By Hunter Woodall Star Tribune AUGUST 12, 2022
WASHINGTON – Minnesota Democrats in the U.S. House voted Friday to pass landmark climate, tax and health legislation amid unanimous opposition from their Republican colleagues in the state.
After a tumultuous year that saw Democrats’ hopes of a more sprawling bill fade, centrists and progressives in the party rallied around the estimated $740 billion package. The bill includes about $373 billion in climate spending, including $260 billion for clean-energy tax credits.
“This is a big win for Minnesota,” Democratic Rep. Betty McCollum said. “It’s a big win for the planet. And it’s high time that the federal government be a partner in this because we can’t do it alone by ourselves nationally and we can’t do it alone by ourselves internationally.”
McCollum and fellow Minnesota Democrats Dean Phillips, Ilhan Omar and Angie Craig voted for the bill; Republicans Tom Emmer, Pete Stauber, Michelle Fischbach and Brad Finstad opposed it.
Fischbach said on the House floor that farmers are not coming to her about climate change, but instead are talking about costs and inflation.
“This bill is riddled with provisions that carry the Green New Deal stamp of approval,” Fischbach said. “This bill is not designed to help the country recover.”
The measure is projected to help cut the federal deficit and includes a 15% minimum tax on some high-profit corporations, according to details on the Joint Economic Committee Democrats website. The bill also lets the government negotiate some drug prices for Medicare recipients, along with other health care moves championed by Democrats.
“Between the deficit reduction, the pharmaceutical price reduction and the investments in climate mitigation, I think that it’s a transformative package that our country, if looked at objectively, should be proud,” Phillips said.
The bill heading to President Joe Biden’s desk is less expansive than the multitrillion-dollar package of climate change, child care, universal preschool and affordable housing measures that Democrats focused on last year. With the bill’s fate in their hands, two moderate Senate Democrats played a major role in its final form. House Democrats still applauded the product.
“This is a major victory to the progressive movement, who for over a year now have pushed for a bold bill that addresses the major issues facing our country like climate change and health care,” Omar said in a statement.
“I remain concerned with certain provisions in the bill, including the expansion of fossil fuel leasing, the removal of a tax on wealthy private equity speculators and a cap on insulin prices for private insurers.”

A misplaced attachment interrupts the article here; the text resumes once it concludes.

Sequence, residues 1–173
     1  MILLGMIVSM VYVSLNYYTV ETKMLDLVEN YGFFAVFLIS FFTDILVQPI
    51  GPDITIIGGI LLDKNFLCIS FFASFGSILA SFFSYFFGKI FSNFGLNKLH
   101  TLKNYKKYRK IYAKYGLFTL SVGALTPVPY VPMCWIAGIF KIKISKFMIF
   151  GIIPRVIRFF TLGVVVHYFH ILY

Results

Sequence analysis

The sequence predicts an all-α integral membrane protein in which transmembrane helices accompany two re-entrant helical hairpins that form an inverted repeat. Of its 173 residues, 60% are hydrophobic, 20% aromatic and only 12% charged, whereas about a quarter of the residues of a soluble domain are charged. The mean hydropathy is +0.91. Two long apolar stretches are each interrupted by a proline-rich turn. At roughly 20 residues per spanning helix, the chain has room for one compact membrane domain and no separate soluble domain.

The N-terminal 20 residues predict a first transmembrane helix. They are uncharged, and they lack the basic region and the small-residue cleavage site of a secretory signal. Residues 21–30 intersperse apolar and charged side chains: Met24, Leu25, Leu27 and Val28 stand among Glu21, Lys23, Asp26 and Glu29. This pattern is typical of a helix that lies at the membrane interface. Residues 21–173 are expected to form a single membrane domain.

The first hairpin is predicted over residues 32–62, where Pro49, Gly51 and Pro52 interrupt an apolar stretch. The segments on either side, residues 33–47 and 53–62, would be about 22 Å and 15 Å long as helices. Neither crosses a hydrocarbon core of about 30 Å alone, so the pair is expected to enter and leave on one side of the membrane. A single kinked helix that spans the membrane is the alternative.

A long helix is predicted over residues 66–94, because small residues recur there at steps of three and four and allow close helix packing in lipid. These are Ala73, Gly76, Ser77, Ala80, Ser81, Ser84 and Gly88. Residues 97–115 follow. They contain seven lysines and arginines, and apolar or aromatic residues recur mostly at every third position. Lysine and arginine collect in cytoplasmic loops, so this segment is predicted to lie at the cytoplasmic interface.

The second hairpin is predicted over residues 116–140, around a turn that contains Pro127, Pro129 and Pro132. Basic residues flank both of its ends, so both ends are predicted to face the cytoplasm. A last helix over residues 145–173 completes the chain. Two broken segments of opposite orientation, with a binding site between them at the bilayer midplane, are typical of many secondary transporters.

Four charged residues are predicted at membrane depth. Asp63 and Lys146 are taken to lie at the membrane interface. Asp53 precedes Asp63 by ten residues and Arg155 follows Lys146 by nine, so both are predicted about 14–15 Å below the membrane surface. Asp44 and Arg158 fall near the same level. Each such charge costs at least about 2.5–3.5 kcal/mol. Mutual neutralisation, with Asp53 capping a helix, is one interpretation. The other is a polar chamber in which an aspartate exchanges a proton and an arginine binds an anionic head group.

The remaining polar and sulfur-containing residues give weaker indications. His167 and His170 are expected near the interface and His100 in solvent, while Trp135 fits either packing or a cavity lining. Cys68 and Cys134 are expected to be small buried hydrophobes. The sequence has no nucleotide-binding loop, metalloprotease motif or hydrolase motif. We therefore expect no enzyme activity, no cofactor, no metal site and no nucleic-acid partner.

Republicans sharply criticized the measure, highlighting economic woes during the Democratic control of the White House and Congress.
“Democrats are on an economically catastrophic spending spree,” Stauber said in a statement. “This terrible bill is nothing short of reckless at a time when inflation is at a 41-year high and our economy has entered a recession.”
Every Senate Democrat backed the bill in a vote Sunday; all 50 Senate Republicans opposed it. Although several other Democratic priorities in the Senate were blocked by filibuster, lawmakers relied on a special procedural route allowing them to pass the bill on the power of their razor-thin majority alone.
Finstad’s vote against the bill in the House was one of his first after being sworn into office earlier Friday morning to serve out the rest of the late GOP Rep. Jim Hagedorn’s current term.
“This is what I signed up for,” Finstad said while hurrying around Capitol Hill on his first day, calling his opposition to the legislation “an easy no.”
The southern Minnesota Republican emphasized “family pocketbook issues” in the special election campaign that saw him defeat former Hormel Foods CEO Jeff Ettinger this week. The two will face off again this fall to decide who wins a full term in the slightly redrawn district.
“I look at this bill, and it funds about everything you could imagine,” Finstad said. “But fixes about nothing.”
Friday’s House vote may be one of the last major pieces of legislation that will influence races in November as Republicans look to win back control of Congress. It may also play a defining role in shaping swing district races, such as the one pitting Craig against Republican Tyler Kistner.
“I think about my grandson Noah when I think about [that] this is the largest investment in addressing climate change in our nation’s history,” Craig said.
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